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A Tale of Two Futures
January/February 1998 (vol. 15 no. 1)
pp. 23-29
With apologies to Charles Dickens, the likely future of the software industry is this: it will be either the best of times or the worst of times-or both. For those who have enjoyed a career consisting of good times year after year, the natural assumption is that next year will bring more challenging projects, more exciting technologies, more income, and even the possibility of lucrative stock options. But those who have nightmare glimpses of software's dark side worry that the good times are coming to an end and that the impending Year 2000 crisis may plunge us all into several years of decidedly unpleasant times. These good- and bad-times scenarios may well coexist. That a hotshot Java programmer can earn $250,000 per year won't prevent other software professionals from being unemployed; we've already seen this during the past decade, when highly paid mainframe programmers found themselves replaced by less expensive PC programmers. Software is now a huge global industry with some three million professionals who call themselves programmers, software engineers, or some similar title; several million more people hold jobs that depend directly on the fortunes of internal IS/IT departments or software producers such as Microsoft and IBM. Although it's convenient to think of the term "software developer" as a generic job description, like carpenter or plumber, the field actually encompasses dozens of different specializations, many so divergent their practitioners can barely communicate with one another. Given software development's breadth and diversity, I think it highly unlikely the entire industry will enjoy boom times in the coming years. Likewise, I doubt that the entire profession will collapse. But some generic issues and problems will likely affect the spectrum of software developers. How we respond to them will determine whether we enjoy success or failure.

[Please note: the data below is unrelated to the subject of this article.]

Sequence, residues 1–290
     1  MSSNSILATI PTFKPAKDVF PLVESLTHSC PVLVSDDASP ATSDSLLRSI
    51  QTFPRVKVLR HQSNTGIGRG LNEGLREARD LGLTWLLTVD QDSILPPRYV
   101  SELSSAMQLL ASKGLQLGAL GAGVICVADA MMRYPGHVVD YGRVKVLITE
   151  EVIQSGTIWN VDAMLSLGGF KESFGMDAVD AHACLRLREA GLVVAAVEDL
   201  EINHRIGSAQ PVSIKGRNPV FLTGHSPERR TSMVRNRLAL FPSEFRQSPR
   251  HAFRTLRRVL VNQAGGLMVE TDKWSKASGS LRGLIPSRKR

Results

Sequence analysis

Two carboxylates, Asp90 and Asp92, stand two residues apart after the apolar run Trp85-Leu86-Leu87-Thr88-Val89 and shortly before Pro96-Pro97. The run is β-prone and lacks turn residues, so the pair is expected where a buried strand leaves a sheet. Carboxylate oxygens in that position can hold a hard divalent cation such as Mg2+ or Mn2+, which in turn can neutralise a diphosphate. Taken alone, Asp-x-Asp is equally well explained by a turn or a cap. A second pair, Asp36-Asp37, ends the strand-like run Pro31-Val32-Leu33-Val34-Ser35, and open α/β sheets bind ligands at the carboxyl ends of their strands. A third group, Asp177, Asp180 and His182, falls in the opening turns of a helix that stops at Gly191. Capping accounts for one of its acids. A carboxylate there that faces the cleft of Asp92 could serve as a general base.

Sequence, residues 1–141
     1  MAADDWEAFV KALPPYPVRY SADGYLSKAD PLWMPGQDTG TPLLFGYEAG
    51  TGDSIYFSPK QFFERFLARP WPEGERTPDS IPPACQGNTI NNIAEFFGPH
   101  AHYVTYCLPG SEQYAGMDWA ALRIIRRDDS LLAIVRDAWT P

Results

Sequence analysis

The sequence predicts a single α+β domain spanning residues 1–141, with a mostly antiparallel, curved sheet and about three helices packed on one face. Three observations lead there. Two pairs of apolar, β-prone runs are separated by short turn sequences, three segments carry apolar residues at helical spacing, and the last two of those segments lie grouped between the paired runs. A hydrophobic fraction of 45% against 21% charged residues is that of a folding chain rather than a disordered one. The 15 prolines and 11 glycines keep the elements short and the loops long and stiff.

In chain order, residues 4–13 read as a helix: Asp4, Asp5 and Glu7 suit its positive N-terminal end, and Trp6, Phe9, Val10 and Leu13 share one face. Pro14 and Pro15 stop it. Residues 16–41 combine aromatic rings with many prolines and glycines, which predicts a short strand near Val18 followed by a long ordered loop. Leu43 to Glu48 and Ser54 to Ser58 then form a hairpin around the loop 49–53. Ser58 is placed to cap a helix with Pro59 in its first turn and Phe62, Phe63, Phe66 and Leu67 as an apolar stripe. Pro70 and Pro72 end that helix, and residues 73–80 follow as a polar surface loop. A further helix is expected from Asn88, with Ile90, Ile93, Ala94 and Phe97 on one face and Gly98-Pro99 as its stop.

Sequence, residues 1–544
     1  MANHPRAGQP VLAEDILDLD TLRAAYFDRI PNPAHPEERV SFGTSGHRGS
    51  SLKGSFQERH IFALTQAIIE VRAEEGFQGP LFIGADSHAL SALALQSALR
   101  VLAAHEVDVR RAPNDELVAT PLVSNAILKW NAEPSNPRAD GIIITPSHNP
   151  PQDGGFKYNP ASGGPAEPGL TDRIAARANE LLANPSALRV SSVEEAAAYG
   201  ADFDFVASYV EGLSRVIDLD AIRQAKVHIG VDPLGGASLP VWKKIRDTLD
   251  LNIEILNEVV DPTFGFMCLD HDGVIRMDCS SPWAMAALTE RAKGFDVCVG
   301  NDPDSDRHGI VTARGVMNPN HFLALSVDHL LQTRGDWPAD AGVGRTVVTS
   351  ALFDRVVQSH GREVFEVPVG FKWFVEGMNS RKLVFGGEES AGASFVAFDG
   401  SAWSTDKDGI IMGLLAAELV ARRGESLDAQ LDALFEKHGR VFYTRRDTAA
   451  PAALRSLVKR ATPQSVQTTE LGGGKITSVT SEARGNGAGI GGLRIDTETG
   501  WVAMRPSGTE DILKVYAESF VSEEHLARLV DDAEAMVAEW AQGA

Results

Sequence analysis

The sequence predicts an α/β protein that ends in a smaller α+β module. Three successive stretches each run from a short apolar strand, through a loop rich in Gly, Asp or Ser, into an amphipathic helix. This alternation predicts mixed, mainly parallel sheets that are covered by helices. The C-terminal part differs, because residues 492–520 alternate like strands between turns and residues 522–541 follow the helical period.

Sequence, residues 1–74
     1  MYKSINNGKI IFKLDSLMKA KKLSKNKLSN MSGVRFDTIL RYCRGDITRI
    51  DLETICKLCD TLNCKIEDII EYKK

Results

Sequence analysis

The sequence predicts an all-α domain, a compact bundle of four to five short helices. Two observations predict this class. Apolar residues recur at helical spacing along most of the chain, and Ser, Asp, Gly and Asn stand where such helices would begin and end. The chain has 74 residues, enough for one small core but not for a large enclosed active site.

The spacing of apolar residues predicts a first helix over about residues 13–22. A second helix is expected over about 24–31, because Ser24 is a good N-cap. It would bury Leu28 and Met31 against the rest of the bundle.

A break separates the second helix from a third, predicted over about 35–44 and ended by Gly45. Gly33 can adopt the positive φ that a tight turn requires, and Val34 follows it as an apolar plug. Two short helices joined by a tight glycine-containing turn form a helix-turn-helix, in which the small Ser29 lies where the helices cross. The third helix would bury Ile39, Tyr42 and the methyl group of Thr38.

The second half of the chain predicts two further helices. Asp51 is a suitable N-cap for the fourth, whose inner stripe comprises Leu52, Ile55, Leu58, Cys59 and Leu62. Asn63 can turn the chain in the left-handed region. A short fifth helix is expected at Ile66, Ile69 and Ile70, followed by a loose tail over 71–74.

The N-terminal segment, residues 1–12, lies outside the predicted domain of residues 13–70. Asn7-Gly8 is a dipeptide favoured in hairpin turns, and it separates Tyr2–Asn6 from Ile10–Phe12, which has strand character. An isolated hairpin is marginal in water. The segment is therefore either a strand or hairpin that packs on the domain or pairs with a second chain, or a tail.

Citation:
Ed Yourdon, "A Tale of Two Futures," IEEE Software, vol. 15, no. 1, pp. 23-29, Jan.-Feb. 1998, doi:10.1109/52.646826
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